Programmatically Ping a Networked Device

I would say Ping is one of the most popular methods used to troubleshoot network issue. When a networked device or server goes down, one of the first things a network engineer or a system admininistrator do is try to ping it and see if it can be reached.

This blog will show you two ways to ping a device so you can integrate the ping feature into your own application.

The first and easiest way to issue a ping command is to call the Ping method in the My.Computer.Network class:

If my.Computer.Network.Ping("") Then
MsgBox("device up")
MsgBox("device down")
End If

The drawback of this method is that it only gives you a boolean as the result to indicate whether the device is up or down. It doesn’t provide any other details like RTT, TTL or any error code for that matter.

The second way is to call the Ping.Send() method in the System.Net.NetworkInformation namespace which returns a PingReply object through which you could get more detailed information about the ping reply:

Dim myPing As New System.Net.NetworkInformation.Ping
Dim PR As System.Net.NetworkInformation.PingReply
PR = myPing.Send("")
If PR.Status = IPStatus.Success Then
MsgBox("Reply from " & PR.Address.ToString & ": BYTES=" & PR.Buffer.Length & " TIME<" & PR.RoundtripTime & "ms TTL=" & PR.Options.Ttl) Else MsgBox(PR.Status.ToString) End If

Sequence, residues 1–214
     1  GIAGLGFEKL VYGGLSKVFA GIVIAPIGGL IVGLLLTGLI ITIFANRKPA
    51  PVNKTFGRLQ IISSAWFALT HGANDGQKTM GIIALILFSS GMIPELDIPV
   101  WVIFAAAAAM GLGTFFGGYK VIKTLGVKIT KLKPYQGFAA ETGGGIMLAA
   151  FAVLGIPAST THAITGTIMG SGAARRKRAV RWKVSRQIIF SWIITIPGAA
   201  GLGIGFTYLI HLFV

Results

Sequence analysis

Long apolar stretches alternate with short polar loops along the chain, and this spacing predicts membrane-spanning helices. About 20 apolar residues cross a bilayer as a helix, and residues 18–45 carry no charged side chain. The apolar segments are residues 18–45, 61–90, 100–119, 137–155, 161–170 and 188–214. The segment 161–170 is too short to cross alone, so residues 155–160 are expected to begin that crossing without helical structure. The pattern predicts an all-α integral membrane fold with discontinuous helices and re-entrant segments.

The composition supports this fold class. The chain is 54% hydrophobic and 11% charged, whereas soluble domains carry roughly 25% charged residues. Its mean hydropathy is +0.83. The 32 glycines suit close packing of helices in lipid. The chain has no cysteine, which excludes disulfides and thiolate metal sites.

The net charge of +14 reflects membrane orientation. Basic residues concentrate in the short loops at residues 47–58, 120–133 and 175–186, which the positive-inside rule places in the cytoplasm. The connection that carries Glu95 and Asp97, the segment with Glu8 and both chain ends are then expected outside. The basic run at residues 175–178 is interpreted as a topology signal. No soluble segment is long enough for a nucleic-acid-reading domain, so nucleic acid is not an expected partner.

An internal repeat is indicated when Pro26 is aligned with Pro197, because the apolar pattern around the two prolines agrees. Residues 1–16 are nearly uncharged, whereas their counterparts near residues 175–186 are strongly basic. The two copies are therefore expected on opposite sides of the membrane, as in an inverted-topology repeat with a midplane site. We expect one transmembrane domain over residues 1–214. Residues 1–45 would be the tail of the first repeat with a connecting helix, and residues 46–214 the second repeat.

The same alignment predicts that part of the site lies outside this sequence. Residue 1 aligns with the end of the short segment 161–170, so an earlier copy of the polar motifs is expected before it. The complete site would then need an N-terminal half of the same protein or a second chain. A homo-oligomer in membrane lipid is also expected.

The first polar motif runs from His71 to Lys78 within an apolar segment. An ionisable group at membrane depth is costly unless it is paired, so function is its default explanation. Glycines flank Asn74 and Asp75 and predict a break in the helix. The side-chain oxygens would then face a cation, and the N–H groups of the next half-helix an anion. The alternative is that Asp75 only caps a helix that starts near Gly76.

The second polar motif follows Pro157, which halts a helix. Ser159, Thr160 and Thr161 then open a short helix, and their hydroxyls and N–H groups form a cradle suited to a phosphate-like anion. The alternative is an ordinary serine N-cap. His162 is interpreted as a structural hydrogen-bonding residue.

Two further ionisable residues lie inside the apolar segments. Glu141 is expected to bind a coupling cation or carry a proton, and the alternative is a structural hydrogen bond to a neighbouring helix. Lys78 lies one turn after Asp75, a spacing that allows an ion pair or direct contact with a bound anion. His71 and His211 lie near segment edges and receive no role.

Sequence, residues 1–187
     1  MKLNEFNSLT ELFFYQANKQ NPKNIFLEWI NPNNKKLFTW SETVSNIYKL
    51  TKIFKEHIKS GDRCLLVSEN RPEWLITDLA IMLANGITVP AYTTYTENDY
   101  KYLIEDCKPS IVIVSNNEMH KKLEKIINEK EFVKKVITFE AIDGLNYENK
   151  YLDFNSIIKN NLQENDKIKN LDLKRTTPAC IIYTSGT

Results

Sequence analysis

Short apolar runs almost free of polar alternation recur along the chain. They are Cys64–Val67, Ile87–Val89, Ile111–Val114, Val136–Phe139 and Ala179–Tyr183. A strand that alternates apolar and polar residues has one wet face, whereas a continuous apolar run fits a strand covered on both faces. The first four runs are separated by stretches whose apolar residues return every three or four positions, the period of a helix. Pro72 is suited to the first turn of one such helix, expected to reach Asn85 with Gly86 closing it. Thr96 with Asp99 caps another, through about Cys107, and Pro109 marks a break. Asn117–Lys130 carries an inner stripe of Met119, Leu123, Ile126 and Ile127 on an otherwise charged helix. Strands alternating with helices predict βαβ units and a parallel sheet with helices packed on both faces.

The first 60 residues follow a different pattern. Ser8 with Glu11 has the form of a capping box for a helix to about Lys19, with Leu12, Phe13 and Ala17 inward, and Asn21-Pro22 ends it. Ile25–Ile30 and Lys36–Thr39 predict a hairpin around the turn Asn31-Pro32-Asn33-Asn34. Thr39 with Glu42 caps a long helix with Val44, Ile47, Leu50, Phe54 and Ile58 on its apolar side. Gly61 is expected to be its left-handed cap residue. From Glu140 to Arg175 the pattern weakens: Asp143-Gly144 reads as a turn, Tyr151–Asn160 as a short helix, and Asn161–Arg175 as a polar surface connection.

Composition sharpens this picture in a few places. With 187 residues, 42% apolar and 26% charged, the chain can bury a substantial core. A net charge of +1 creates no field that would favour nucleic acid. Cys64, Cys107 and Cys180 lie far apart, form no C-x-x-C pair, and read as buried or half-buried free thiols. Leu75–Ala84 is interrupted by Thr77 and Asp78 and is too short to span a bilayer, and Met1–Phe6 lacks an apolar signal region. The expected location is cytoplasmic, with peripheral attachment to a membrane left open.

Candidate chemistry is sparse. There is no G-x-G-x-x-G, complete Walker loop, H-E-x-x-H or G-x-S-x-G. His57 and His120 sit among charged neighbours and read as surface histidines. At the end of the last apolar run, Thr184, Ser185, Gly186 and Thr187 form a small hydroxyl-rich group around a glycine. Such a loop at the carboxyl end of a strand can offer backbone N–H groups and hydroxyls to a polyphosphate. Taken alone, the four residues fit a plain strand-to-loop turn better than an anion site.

There you have it. Two ways of pinging a networked device. If you just need to check and see if a device is up or down, the first method might do just fine; however, if you need to gather some other statistics then obviously, the second one is the better choice.

I recommend that you read up on the PingReply object to get more information from the ping reply. If you wanted to implement some sort of Ping functionality as in Pinkie's then that's the way to go.

About Brian Dao

I am a former United States Paratrooper; served in the 504th Parachute Infantry Regiment of the 82nd Airborne Division back in the 90's. I've been working in the IT field for over 10 years and have had various positions to include database & server administration, web/desktop application programming and network admin. My current job is to keep the bits from falling out of the switches at Hewlett Packard. Pinkie is a software that I designed and programmed in the wee hours. It's been in the works for over three years during which time, plenty of skittles and cokes have been consumed.


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